Cumulative molt of Alpha-inoculated hamsters was significantly greater than that of Omicron and Gamma-inoculated hamsters. All virgin hamsters were infected by contact transmission, while two sentinel 1 animals (generation 1 sentinels), one sentinel 3 animal, and two sentinel 2 animals were infected by airborne transmission of SARS-CoV-2. No significant differences in sgRNA titers between samples were observed between donor and sentinel hamsters with both routes of transmission combined.

Delta infections showed an increase with each subsequent chain of transmission. Among naive hamsters, SARS-CoV-2 replication was observed in the lungs and nasal turbinates with median values ​​of 8.3 and 6.9 sgRNA copies/gr log10, respectively. In contrast, viral loads were significantly lower for PI, IM, and IN hamsters. In donor hamsters, immunity to PI significantly decreased lung:body weight ratios (1.3, 0.7, 0.8, and 0.8 for naïve, IM, IN, and PI groups, respectively).

Naïve hamsters developed lesions typical of SARS-CoV-2 infection. SARS-CoV-2 nucleoprotein immunoreactivity was most prominent in the periphery of pneumonia foci in the bronchi and alveoli and for cluster differentiation protein 3 (CD3) in the perivascular and peribronchiolar regions. IN vaccines led to four times higher immune responses than IM vaccines and PI hamsters had the highest titers. Neutralizing antibody titers were 10-fold higher for Delta than for Omicron among PI hamsters.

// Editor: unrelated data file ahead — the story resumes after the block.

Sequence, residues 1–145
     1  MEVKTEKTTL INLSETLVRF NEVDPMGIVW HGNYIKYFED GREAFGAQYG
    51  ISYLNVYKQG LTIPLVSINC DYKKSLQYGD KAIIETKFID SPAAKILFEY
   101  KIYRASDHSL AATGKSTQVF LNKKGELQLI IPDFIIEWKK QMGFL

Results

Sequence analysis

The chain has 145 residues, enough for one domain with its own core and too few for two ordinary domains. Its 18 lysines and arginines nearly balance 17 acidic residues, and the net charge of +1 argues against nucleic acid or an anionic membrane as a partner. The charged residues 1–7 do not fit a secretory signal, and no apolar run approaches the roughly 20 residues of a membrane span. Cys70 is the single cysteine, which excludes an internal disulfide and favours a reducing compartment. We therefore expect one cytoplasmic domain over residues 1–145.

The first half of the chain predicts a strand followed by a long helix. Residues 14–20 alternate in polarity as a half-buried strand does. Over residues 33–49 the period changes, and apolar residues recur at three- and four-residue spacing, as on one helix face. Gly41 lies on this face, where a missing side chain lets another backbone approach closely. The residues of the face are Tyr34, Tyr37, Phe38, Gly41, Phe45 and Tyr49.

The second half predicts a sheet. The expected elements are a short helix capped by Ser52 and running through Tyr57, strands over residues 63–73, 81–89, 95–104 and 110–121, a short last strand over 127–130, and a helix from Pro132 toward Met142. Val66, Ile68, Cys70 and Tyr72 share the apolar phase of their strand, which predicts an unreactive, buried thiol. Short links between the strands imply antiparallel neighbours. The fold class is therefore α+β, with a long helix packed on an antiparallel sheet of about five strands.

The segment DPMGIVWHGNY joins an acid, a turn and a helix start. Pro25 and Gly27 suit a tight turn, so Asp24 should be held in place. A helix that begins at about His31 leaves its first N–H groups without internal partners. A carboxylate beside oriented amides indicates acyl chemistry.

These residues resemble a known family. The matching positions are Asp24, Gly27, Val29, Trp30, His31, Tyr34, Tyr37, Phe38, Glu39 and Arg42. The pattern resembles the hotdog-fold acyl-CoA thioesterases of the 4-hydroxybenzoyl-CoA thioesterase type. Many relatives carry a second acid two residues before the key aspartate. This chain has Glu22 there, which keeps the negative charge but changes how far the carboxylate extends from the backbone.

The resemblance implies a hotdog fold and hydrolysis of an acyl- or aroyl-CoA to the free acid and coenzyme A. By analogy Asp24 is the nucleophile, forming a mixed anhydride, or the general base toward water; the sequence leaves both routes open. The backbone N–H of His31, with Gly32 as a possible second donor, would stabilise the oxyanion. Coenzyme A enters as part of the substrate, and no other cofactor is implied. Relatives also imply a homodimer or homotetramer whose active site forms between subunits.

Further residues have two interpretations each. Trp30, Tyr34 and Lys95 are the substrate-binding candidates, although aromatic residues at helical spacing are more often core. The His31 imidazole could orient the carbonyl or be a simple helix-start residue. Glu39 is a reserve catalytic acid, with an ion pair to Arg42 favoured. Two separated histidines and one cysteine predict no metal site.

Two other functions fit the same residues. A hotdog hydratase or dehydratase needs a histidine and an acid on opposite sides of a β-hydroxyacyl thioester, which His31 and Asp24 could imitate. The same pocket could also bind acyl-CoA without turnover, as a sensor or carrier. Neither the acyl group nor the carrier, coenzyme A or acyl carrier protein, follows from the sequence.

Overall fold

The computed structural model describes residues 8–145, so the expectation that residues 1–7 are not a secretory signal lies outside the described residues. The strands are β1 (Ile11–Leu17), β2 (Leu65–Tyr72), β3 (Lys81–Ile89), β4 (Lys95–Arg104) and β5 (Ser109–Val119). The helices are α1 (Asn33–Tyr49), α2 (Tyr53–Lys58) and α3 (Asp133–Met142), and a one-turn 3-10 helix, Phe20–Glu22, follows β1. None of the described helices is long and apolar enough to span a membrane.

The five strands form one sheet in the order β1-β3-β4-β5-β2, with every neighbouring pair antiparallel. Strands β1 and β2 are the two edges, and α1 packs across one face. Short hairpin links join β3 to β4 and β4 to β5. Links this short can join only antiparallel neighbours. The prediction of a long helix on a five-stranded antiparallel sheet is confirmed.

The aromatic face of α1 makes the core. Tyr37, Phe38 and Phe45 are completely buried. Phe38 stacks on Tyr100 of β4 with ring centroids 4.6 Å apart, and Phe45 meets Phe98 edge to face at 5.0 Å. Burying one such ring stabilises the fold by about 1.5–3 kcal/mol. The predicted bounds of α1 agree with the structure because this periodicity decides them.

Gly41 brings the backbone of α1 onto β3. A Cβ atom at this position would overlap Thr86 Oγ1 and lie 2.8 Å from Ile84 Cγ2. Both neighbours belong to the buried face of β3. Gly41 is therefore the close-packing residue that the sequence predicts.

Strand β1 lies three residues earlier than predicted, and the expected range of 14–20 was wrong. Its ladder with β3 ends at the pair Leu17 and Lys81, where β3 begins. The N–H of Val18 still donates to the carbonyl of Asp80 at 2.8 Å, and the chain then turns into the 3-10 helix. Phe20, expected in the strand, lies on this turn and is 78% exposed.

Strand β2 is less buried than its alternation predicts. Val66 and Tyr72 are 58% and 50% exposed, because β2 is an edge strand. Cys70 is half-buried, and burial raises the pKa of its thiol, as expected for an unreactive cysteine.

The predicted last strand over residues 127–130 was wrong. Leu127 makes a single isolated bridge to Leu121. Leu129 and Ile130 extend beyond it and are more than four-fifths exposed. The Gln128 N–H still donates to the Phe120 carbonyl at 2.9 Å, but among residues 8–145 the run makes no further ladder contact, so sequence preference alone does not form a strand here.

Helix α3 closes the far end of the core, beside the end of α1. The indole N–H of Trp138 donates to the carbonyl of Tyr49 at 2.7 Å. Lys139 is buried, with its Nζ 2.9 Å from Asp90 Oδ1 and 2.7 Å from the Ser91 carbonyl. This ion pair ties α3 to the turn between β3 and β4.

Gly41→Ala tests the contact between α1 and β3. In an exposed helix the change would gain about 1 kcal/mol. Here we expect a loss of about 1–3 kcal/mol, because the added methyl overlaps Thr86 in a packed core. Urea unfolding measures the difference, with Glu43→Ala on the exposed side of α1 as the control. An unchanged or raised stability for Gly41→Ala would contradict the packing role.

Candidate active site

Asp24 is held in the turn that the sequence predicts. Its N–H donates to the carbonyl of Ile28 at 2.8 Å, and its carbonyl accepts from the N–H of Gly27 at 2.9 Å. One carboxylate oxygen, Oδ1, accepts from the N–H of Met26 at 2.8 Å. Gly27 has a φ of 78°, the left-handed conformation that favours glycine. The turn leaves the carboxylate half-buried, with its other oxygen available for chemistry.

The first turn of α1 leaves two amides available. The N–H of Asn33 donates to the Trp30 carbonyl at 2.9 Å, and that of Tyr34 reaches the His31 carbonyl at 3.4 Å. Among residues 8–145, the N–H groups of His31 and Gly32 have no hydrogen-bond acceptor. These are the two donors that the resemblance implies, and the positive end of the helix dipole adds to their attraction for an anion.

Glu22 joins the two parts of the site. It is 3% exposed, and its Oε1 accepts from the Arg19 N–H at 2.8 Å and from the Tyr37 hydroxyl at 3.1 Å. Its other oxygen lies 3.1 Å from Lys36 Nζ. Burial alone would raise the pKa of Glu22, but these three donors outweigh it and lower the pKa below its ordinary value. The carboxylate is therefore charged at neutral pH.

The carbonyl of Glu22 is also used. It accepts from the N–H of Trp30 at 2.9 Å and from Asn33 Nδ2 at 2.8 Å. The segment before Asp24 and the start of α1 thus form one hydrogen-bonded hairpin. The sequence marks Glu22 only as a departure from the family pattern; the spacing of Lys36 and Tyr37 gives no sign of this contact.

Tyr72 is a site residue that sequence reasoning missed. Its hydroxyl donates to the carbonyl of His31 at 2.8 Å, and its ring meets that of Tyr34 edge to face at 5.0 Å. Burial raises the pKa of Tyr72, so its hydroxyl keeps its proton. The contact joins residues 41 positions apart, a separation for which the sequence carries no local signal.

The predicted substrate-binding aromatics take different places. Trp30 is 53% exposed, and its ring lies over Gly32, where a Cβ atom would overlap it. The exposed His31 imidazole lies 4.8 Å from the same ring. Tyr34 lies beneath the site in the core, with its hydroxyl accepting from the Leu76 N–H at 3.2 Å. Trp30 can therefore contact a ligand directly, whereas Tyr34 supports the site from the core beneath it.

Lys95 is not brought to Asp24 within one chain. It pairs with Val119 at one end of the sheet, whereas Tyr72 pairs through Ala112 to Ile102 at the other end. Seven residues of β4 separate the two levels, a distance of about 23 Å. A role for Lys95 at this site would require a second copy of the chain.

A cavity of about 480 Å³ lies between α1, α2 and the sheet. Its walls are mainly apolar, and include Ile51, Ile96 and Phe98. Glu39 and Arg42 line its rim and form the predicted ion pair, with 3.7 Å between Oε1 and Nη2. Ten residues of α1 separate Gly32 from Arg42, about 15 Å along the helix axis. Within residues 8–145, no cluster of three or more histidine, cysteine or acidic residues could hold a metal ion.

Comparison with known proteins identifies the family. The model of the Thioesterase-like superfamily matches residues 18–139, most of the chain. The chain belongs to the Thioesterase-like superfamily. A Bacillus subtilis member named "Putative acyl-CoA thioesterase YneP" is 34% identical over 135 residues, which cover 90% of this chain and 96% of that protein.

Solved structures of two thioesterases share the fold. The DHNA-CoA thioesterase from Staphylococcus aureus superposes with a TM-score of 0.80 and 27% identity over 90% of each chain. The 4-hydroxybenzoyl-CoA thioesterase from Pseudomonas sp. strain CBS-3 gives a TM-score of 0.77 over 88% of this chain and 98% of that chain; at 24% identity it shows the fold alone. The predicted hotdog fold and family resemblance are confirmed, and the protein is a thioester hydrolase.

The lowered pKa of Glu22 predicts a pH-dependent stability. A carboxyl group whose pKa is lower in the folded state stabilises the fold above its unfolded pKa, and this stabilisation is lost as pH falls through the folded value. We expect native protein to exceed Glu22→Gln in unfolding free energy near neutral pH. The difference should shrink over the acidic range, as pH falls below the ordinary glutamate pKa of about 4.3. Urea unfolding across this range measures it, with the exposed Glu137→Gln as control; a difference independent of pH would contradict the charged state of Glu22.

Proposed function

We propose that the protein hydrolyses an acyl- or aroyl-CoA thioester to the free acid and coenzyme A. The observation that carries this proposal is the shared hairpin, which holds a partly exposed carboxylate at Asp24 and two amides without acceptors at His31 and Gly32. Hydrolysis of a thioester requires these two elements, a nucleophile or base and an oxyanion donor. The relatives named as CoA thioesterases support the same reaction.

PI and IN vaccines reduced SARS-CoV-2 replication compared to IM vaccines and contact transmission was lower between PI and IN vaccinated hamsters. Naïve hamsters, IM-vaccinated, IN-vaccinated hamsters and PI group showed airborne transmission efficiency of 63%, 29%, 7% and 7%, respectively. Omicron IT inoculation increased SARS-CoV-2 replication and lung pathology, but did not increase transmission and reduced spread in the lower respiratory tract due to reduced affinity of TMPRSS2 (serine transmembrane protease 2) in Omicron due to mutations S.

Overall, the study findings demonstrated that pre-existing immunity and exposure route directly influence the manifestation of COVID-19 and the transmission efficiency of SARS-CoV-2. The data underscore the need to assess the transmission dynamics of SARS-CoV-2 VOCs in populations with pre-existing immunity and address the increasing evolutionary pressures placed on SARS-CoV-2.

*Important news

bioRxiv publishes preliminary scientific reports that are not peer-reviewed and therefore should not be considered conclusive, guide clinical practice or health-related behavior, or be treated as established information.

Magazine Reference:

Julia R. Port, Claude Kwe Yinda, Jade C. Riopelle, Zachary A. Weishampel, Taylor A. Saturday, Victoria A. Avanzato, Jonathan E. Schulz, Myndi G. Holbrook, Kent Barbian, Rose Perry-Gottschalk, Elaine Haddock, Craig Martens, Carl. I. Shaia, Teresa Lambe, Sarah C. Gilbert, Neeltje van Doremalen, Vincent J. Munster. (2022). Infection- or vaccine-mediated immunity reduces SARS-CoV-2 transmission, but increases the competitiveness of Omicron in hamsters. bioRxiv. do: